As Van Gennip advises, “You need to have at least one diverse candidate in the talent pool, and you need to start coaching and mentoring, be a friend, build a network, celebrate each other’s success, be inclusive toward other diverse talent, do not see them as a competitor.”

Business leaders can take action by integrating cultural competencies and inclusive behaviors into job descriptions and performance measures, equipping managers to support D&I by attending training, sharing learning and modeling inclusive behaviors. Equally important are developing new avenues for mentorship to facilitate networking opportunities, sponsoring underrepresented employees or participating in business resource groups. These programs would need to be set up and carried out with the initiative of HR and the support of leadership. 

Engaging Men

Men are involved in D&I at 49% of financial services organizations. This is a bright spot — globally, this figure is up 10 percentage points from our 2016 survey. However, this is clearly still too low! Given that men still hold the majority of leadership roles, it is critical to ensure that they are also aware and trained to support women in the organization.

“Eighty percent of leadership positions are held by men, so if we do not identify more men to support us, we will not get there,” says Van Gennip.

Actions range from listening to men’s perspectives to engaging men as change agents, managers and partners in developing solutions.

Balancing Work and Life

We see a link between organizations that have a comparatively small number of women in key organizational roles and the lack of flexible working arrangements.

Workplace flexibility is increasingly important, especially for women, who are still more likely to fill caregiving roles — for both children and other family members.

Seventy percent of organizations in financial services offer a variety of flexible work options (for example, remote working, compressed workweeks, part-time schedules). However, only 45% value remote working as much as in-person working and only 42% of leadership actively promotes the uptake of flexible work options for all employees.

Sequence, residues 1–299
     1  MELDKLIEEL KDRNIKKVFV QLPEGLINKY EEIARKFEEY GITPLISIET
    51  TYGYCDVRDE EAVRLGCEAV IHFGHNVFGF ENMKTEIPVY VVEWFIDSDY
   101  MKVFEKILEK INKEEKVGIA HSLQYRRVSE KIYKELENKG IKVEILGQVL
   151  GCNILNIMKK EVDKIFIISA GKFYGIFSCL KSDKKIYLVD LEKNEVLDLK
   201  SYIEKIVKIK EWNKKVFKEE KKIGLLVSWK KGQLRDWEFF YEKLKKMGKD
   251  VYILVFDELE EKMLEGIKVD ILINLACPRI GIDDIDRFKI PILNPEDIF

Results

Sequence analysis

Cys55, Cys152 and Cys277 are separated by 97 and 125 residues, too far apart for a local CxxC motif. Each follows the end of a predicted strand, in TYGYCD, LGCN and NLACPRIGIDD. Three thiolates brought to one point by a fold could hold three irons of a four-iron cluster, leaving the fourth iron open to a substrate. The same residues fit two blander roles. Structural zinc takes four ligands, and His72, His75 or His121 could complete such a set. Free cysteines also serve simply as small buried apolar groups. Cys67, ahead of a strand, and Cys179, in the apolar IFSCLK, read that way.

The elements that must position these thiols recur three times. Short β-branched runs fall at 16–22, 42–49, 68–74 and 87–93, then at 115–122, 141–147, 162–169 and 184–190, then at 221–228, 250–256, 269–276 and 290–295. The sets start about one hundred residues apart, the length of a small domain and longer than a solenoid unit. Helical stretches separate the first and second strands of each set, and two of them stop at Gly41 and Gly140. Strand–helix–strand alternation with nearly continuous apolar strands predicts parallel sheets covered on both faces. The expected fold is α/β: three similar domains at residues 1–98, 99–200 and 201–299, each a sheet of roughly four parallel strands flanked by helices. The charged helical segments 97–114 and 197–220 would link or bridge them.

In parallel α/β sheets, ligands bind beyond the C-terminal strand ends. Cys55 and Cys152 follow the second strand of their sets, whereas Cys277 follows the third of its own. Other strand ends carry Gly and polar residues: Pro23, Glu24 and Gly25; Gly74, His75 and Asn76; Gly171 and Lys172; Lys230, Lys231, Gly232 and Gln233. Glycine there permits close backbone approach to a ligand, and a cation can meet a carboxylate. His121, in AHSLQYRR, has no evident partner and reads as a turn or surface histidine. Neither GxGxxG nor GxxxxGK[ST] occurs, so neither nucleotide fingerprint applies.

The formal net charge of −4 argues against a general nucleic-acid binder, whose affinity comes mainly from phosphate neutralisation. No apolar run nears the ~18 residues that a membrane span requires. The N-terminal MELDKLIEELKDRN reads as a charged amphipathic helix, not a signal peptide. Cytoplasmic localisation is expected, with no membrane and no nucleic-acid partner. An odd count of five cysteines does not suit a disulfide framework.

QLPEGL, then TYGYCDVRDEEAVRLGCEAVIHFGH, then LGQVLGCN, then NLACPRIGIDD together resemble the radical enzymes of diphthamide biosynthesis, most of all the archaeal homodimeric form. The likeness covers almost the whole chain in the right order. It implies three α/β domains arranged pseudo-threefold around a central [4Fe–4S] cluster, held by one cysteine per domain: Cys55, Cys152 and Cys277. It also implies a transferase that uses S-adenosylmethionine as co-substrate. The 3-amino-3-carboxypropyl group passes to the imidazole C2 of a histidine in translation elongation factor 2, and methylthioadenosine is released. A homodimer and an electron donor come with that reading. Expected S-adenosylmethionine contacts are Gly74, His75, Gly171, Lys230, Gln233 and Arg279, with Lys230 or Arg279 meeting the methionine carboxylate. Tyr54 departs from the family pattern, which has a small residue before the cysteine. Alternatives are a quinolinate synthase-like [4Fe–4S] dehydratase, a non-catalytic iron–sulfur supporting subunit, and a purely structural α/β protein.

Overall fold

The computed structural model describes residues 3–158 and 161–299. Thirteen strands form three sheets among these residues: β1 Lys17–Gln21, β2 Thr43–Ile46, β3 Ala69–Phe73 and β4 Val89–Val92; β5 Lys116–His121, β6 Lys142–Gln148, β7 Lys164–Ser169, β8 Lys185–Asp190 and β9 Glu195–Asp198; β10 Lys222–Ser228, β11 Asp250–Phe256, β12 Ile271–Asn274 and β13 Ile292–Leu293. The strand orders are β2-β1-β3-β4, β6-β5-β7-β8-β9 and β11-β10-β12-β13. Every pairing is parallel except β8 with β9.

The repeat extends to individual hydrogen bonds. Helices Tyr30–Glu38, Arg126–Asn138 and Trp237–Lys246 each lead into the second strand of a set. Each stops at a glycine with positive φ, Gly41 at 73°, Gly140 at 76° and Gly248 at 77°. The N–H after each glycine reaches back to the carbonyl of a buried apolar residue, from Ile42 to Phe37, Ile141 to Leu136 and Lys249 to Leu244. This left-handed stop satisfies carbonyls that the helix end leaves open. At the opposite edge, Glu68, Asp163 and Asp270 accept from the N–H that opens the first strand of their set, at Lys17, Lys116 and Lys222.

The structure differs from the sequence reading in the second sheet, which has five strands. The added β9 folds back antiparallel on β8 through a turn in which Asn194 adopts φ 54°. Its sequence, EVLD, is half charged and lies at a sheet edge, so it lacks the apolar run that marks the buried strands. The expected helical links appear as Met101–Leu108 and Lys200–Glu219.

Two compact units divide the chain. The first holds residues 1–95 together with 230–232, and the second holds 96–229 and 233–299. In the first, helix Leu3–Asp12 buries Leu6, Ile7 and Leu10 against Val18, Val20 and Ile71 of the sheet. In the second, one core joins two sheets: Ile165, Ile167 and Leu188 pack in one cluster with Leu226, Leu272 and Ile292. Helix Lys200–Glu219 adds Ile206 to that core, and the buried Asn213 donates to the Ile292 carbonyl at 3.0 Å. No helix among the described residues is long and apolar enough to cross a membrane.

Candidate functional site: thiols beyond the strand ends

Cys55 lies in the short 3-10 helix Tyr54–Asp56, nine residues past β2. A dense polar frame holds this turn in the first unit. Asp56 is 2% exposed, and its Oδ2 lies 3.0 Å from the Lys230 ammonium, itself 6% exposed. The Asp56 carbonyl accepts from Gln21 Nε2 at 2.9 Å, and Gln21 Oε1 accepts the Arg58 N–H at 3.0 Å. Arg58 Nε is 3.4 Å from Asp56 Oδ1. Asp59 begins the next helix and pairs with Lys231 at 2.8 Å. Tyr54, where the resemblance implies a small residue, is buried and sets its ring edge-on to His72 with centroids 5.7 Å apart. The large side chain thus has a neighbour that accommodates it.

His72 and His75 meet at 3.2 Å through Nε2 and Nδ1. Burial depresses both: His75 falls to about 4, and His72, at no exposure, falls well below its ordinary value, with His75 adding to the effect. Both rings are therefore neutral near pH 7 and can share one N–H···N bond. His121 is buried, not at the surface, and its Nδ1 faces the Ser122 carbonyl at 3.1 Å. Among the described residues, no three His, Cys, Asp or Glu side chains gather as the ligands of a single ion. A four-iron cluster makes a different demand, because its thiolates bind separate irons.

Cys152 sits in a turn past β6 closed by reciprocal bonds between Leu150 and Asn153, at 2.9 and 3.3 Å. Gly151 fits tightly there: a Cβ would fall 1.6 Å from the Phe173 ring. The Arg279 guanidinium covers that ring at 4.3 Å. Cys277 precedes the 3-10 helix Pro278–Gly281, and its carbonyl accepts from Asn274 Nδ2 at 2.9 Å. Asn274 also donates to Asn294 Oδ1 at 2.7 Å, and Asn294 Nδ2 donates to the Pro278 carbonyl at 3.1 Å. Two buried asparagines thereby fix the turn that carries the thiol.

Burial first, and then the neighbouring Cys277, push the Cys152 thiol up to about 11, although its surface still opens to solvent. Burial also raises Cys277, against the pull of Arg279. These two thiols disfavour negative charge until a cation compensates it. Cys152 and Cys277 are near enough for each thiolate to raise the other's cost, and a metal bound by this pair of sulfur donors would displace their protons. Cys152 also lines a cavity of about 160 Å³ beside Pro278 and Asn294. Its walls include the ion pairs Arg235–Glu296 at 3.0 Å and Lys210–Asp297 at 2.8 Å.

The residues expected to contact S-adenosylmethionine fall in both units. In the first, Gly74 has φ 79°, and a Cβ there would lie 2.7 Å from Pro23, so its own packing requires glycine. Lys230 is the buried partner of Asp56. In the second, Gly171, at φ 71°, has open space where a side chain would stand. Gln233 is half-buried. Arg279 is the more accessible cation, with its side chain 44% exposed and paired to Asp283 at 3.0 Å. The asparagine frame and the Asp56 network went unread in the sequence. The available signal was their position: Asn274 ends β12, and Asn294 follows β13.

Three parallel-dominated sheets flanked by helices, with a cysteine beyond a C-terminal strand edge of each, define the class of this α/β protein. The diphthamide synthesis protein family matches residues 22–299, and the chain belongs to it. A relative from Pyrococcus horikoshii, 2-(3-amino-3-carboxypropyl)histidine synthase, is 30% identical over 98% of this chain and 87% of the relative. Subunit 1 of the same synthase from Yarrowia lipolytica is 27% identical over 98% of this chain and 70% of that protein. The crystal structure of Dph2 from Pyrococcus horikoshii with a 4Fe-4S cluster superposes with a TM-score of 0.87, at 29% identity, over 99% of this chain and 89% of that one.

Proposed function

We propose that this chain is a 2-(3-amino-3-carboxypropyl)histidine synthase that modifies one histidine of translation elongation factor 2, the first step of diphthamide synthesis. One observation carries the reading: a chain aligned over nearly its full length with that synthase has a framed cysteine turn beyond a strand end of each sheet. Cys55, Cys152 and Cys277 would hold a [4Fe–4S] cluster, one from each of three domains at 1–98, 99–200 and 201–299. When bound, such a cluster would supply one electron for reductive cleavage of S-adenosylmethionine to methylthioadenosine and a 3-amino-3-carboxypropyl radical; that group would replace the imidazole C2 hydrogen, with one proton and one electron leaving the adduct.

“ING is a digital bank; flexible working conditions are very good. Women at ING feel at home. If you make all people feel included and at ease,” Van Gennip adds, “it is much easier to be at ease at work.”

Critical actions include formalizing flexible work options by auditing existing practices and needs and identifying the gaps in the current remote or blended work arrangements. Organizations can take steps that can deliver enhanced productivity, profitability and employee well-being. They can also explore innovative accommodations for primary caregivers.

Post-COVID Future of Work

Organizations have a unique opportunity to improve D&I through their COVID-19 response efforts. Determine appropriate cost-management actions or refine the prior actions taken; prepare for employees returning to the workplace; and plan for a different future and opportunities for transformation beyond return-to-work.

“In the post-COVID-19 society,” says Van Gennip, “we have to rethink our social contract, our values to achieve a more sustainable and inclusive society. As businesses, we have a role to play to embrace change and make sure that our company is in tune with the expectations of the external world.”

Conducting pulse surveys and virtual focus groups will help organizations understand the return-to-work experience of unique segments. Armed with this information, organizations will be ready to redesign the D&I function and overall strategy in preparation for the next wave of D&I transformation.

Ayçe Nisancioglu

Senior Consultant at Mercer

Ayçe Nisancioglu is a Mercer consultant for diversity and inclusion based in Paris.